openstack-cloud-software-horizontal-small After chasing this information too often, I’ve decided to give a break to my brain and compile a list of the most common OpenStack Images (at least for my day-to-day activities). Without further ado, here’s the list:


Default User

Ubuntu 14.04 Trusty


CentOS 67


Red Hat Enterprise Linux 67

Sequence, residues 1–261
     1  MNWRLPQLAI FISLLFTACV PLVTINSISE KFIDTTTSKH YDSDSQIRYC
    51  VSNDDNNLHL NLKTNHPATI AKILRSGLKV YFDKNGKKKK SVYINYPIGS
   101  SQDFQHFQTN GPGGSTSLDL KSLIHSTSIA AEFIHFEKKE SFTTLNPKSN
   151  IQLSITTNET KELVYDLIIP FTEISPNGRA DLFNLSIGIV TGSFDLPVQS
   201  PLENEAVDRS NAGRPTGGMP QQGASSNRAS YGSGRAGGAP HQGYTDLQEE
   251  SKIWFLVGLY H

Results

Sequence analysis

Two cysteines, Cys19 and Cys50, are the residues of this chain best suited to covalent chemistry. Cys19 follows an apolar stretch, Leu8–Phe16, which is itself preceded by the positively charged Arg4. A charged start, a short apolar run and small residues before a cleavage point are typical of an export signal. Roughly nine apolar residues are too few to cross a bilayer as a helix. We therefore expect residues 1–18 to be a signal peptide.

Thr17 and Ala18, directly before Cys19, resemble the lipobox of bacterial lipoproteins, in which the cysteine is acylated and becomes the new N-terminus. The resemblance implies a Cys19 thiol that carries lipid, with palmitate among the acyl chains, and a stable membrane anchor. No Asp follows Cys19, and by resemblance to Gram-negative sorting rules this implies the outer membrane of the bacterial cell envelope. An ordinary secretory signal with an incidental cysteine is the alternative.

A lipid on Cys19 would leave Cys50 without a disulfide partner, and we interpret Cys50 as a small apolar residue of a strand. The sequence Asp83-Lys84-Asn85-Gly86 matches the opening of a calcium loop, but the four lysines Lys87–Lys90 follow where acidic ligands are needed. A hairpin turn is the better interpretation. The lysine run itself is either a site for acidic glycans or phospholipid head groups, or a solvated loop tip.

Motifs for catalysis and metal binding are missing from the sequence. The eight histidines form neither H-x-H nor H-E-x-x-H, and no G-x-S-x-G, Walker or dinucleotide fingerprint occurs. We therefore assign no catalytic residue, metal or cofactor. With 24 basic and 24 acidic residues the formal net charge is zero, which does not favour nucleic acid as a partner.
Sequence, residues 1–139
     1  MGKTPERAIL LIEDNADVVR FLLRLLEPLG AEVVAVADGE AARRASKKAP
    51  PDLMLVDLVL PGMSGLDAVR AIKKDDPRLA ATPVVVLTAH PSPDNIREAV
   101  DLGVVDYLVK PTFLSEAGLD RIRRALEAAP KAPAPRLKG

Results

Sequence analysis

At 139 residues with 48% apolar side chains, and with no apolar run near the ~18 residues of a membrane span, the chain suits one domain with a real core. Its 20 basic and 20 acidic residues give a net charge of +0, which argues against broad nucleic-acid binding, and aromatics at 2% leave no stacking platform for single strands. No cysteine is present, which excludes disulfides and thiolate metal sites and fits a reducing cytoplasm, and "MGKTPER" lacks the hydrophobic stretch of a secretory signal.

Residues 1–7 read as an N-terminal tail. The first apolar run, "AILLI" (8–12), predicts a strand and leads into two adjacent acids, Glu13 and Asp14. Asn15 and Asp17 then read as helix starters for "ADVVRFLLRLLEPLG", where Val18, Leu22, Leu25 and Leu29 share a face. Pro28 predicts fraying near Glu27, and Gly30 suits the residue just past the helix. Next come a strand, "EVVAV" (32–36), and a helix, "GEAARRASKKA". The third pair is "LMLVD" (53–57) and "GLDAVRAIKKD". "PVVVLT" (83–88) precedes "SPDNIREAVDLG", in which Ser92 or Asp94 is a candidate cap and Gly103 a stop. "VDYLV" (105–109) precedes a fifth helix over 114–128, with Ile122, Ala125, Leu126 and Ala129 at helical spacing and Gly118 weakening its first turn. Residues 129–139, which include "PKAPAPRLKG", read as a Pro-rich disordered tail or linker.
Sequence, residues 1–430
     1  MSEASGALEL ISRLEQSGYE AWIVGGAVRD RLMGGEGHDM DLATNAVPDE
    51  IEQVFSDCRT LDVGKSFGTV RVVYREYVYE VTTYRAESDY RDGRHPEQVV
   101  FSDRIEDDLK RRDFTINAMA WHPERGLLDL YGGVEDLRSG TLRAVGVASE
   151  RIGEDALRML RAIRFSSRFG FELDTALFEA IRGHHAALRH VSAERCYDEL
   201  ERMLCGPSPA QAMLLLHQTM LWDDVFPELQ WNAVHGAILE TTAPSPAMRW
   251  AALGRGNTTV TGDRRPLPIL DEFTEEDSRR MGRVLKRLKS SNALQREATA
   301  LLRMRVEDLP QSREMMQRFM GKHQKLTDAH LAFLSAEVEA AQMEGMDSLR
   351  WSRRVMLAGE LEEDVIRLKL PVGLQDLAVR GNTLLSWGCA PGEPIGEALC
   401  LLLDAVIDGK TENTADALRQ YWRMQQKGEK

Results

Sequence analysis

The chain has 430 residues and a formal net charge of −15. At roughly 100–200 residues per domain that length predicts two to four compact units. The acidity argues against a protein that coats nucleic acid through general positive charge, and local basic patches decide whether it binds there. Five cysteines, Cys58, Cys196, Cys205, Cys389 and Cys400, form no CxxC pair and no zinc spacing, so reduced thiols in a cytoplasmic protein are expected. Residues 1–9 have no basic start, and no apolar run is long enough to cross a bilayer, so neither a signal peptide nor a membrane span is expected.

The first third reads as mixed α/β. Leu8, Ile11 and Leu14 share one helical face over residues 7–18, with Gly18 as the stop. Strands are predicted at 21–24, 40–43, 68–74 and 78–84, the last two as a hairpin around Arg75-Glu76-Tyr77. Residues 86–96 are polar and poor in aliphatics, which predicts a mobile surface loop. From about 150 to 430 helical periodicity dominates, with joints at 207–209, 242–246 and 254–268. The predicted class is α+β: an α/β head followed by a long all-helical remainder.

A complete and up to date list can be found at the OpenStack site. You can then login into an instance with the provided SSH keys or optionally, you could also change the default user password with the following cloud-config, which will allow you to ssh into an instance but force the password to be changed on the first login: [code language=“text” title=“cloud-config”] #cloud-config password: ChangeMe chpasswd: { expire: True } ssh_pwauth: True [/code] Let’s understand the options from the above configuration. [code language=“text” title=“password”] # you can set passwords for a user or multiple users # this is off by default. # to set the default user’s password, use the ‘password’ option. # if set, to ‘R’ or ‘RANDOM’, then a random password will be # generated and written to stdout (the console) # password: passw0rd # # also note, that this will expire the password, forcing a change # on first login. If you do not want to expire, see ‘chpasswd’ below. [/code] [code language=“text” title=“chpasswd”] # So, a simple working example to allow login via ssh, and not expire # for the default user would look like: password: passw0rd chpasswd: { expire: False } ssh_pwauth: True [/code] and finally, [code language=“text” title=“ssh_pwauth”] # in order to enable password login via ssh you must set # ‘ssh_pwauth’. # If it is set, to ‘True’ or ‘False’, then sshd_config will be updated # to ensure the desired function. If not set, or set to “ or ‘unchanged’ # then sshd_config will not be updated. # ssh_pwauth: True [/code] More examples can be found here.